The Mount Carmel Monastery, located just west of La Plata, will be the first stop this week when the relics of Saint Therese of Lisieux arrive in the United States on a tour that will take them to more than 120 sites around the nation over the next four months.
Saint Therese, know to Catholics and others around the world as "the Little Flower," first became widely known through her memoir, "Story of a Soul," published in 1898, a year after her death from tuberculosis at the age of 24.
Her relics have been touring the world to mark the centennial of her death. Contained in an ornate reliquary of jacaranda wood and silver, the relics include bones, clothing and possessions of Saint Therese.
After landing at JFK International Airport in New York, the reliquary will be driven directly to La Plata, chosen because it is the site of the first monastery of nuns in America.
The monastery has scheduled a Holy Hour from 7 to 8 p.m. Tuesday, with reflections offered by the Rev. Donald Kinney, coordinator of the visit. On Wednesday morning at 8:30, Kinney will celebrate Mass, with another scheduled at noon to be conducted by Bishop Leonard J. Olivier of Waldorf and the Archdiocese of Washington.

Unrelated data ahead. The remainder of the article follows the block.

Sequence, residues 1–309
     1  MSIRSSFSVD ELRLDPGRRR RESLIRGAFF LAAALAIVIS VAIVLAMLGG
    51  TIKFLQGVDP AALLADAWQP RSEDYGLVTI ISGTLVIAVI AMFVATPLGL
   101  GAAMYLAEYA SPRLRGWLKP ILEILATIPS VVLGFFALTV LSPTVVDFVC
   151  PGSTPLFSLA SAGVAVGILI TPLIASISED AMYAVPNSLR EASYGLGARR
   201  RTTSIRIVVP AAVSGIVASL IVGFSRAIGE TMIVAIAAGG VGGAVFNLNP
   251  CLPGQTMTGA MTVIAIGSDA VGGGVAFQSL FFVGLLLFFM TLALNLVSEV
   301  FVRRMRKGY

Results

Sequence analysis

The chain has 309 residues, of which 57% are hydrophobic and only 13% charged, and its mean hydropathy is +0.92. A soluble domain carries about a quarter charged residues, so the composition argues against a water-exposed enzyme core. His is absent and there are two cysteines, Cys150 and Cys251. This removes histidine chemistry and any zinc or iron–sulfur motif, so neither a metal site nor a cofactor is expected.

The monastery is at 5678 Mount Carmel Rd., off Mitchell Road across from the Charles County Community College campus.
Born in Alencon, France, in 1873 to religious parents, Therese entered the Carmelite convent at Lisieux at age 15. Within two years of her death, reports of her prayers being answered and of her ability to heal people began to circulate, and her convent took up her cause for beatification with Catholic authorities in Rome.
She was declared a saint by Pope Pius XI in 1925, one of the swiftest canonizations in church history.
From La Plata, Saint Therese's relics will go to the Carmelite Monastery and National Shrine of the Immaculate Conception in Washington on Wednesday, Thursday and Friday, with stops in Baltimore on Friday and Saturday.